Wednesday 29 March 2023

Wild Bird Wednesday 557 - Brolga

The Brolga (Grus rubicunda) is one of two species of crane found in Australia.  The Brolga at Werribee are experiencing a bit of a population boom, with at least 11 birds present.  With a bit of luck you can find at least three different groups of birds these days.

This pair of birds was happily feeding in some mud, although I was never able to get a look at what they were eating.

(for the photographers out there, none of these images has been cropped!)

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Wednesday 22 March 2023

Wild Bird Wednesday 556 - Royal Spoonbill

The Royal Spoonbill (Platalea regia) is one of the two species of Spoonbills found in Australia.  This species has a black beak (and what a beak it is!), whereas the other species has a Yellow (or pale) bill.  The second species is called the Yellow-billed Spoonbill, which is a very useful name!

This Royal Spoonbill was feeding at Werribee - and was moving very fast.  It was moving backwards and forwards in the shallow water of a pool, and also moving its head from side to side.  All in all there was a lot of motion!

In a couple of the shots you can see where the bird has left up its head, presumably after making contact with a food item.  One of the shots shows the bird with a small fish.

There were at least 20 of these birds scattered around the edge of the pool, but this one was the most tolerant of my presence.

What a great bird!

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Wednesday 15 March 2023

Wild Bird Wednesday 555 - Black Kite

I was lucky enough to spend some time with a family of Black Kites (Milvus migrans) this weekend.  I assume they were 'a family' as they often interacted with each other, and the birds perched in the tree got rather excited when one of the other birds flew past.  I assume that they were anticipating a feed!

Unfortunately for them - and possibly me - the feeding pass did not happen and the arrival of a couple of other cars and some passing vehicles towing boats moved the birds off.  (I don't want to be grumpy, but is it too much to ask people to stay in their cars when they can see other people taking pictures!)

Anyway, this was one of the best opportunities I have had to photograph this species - its common enough, in fact its one of the most common birds of prey in the world - but I just tend to see them on the wing!

Kites were essentially restricted to one small part of the UK when I was a kid - Red Kites in this case - and it's great to know they have become much more common back in the UK.  Both Black and Red Kites have a forked tail and you can see this in these pictures.

If you are a regular visitor to WBW, I dont need to tell you where I took the pictures!

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Tuesday 7 March 2023

Wild Bird Wednesday 554 - White-fronted Chat

The White-fronted Chat (Epthianura albifrons) is a common bird across the southern edge of Australia - yet it has taken me a while to get pictures of this species I am happy with.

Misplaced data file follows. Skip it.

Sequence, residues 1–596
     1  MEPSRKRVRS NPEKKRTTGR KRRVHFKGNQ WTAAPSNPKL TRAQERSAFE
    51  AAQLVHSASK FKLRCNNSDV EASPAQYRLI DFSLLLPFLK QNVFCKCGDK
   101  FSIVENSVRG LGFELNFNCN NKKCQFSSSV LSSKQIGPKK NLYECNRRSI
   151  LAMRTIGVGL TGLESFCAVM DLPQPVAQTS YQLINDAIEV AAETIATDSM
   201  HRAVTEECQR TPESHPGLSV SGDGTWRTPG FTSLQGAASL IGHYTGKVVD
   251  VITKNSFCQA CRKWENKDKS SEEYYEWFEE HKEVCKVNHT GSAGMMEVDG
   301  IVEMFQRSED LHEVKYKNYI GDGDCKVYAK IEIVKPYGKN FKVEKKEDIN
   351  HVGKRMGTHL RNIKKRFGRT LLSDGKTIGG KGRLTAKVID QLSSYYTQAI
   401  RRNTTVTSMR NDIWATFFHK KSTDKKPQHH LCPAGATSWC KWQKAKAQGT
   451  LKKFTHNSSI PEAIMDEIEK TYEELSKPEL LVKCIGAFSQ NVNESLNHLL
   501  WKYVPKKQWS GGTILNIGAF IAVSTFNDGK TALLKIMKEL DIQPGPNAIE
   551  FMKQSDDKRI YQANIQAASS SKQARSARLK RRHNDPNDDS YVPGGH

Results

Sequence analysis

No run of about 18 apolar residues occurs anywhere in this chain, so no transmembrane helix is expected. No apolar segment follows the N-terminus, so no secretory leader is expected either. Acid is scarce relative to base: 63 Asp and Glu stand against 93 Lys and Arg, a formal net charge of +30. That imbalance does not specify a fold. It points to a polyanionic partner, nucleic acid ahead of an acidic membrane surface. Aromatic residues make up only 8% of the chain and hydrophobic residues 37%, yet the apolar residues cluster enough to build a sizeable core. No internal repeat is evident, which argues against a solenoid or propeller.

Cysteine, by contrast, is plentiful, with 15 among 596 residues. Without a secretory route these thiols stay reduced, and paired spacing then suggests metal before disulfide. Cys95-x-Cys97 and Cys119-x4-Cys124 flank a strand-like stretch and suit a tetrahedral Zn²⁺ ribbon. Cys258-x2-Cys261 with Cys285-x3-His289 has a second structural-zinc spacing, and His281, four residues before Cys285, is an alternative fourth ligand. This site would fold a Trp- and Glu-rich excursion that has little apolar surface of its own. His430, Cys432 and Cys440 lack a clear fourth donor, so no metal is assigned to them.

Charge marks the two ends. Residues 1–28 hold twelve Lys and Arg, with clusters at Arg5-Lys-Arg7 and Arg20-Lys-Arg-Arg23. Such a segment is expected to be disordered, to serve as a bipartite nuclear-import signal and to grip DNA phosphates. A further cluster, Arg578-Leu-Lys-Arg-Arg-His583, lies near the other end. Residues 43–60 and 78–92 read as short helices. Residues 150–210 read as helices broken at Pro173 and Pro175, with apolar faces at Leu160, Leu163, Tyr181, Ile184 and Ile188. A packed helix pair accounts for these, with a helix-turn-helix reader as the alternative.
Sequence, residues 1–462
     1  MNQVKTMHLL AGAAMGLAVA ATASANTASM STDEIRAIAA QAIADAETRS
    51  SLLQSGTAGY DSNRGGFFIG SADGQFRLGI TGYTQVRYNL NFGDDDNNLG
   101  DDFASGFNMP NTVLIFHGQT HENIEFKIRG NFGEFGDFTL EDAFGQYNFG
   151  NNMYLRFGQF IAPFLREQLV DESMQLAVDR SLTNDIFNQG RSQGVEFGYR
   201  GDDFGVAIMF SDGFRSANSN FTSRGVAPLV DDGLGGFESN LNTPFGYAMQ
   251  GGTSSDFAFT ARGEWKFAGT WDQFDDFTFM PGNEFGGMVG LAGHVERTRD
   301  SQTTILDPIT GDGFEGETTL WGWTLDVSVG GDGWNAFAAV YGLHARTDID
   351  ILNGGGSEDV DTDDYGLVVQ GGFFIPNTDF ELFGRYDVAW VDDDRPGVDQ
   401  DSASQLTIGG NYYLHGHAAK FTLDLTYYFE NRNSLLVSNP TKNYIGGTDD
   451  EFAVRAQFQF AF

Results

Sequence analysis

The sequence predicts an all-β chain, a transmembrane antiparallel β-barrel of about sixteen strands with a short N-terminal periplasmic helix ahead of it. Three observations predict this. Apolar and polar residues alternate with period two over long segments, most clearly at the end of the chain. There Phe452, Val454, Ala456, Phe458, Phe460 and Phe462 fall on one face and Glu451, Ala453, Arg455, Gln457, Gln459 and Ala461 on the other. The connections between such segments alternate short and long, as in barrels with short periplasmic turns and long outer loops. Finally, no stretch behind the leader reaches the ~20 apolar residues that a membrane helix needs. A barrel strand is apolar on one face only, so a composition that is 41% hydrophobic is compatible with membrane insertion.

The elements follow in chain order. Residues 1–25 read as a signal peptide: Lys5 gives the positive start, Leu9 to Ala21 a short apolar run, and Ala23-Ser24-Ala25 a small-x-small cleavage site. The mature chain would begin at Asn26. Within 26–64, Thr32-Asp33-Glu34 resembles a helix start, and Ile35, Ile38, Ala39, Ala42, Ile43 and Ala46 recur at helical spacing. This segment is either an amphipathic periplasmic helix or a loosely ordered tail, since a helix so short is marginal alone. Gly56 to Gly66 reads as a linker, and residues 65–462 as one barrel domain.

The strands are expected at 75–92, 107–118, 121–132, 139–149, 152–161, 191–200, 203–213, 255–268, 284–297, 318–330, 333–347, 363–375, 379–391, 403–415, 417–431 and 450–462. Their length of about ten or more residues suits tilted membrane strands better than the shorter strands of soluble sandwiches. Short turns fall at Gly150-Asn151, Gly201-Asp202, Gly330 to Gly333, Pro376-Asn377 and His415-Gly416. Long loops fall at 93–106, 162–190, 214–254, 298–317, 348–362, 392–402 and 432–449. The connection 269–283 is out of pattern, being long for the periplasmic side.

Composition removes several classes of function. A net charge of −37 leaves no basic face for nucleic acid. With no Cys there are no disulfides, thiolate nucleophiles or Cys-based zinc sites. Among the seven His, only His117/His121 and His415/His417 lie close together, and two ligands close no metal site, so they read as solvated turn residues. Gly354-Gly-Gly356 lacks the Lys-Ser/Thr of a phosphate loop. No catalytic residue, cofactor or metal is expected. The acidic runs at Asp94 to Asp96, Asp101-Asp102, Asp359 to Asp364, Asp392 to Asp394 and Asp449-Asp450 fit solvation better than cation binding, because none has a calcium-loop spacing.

It will come as no surprise that I took these pictures at Werribee Sewage Works - and its a legitimate question to ask if I bird anywhere else these days!  (The response may actually be 'no')

Anyway, this bird can often be rather conspicuous as it perches on the tops of bushes.  But I have also found it rather timid, in that it flys off to another bush if you stop and look at it!  So, with a combination of a long lens and lots of megapixels, I managed to get these pictures.

This is the male of the species, the female was less cooperative.

I'm just back from six days of wilderness in Tasmania - so hope to catch up on comments soon.

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Wednesday 1 March 2023

Wild Bird Wednesday 553 - Varied Sittella

The Varied Sittella (Daphoenositta chrysoptera) was known in the past as the Australian Nuthatch - and it's not hard to see why.  For many years the Varied Sittella was classified in the same family as the nuthatches, but now it is considered different enough to have a family all of its own - the Neosittidae, and they are only found in Australasia.

Varied Sittellas come in a number of 'forms' (and there is still debate about classifying the forms as separate species) and this one is the Orange-Winged form.  Unlike Nuthatches, Sittellas can be seen in small flocks.

This bird - and there were a few others with it - was rather high in some trees when I took these pictures - and I have to say I am surprised at the results.

The similarity between the Sittellas and Nuthatches is an example of convergent evolution, where two species end up with a set of similar features because they face the same set of challenges.  In this case, running up and down tree branches and finding food hidden in the cracks and crevices of bark.  I think its remarkable that both of these species have slightly up-turned bills.

Anyway: here are the pictures.

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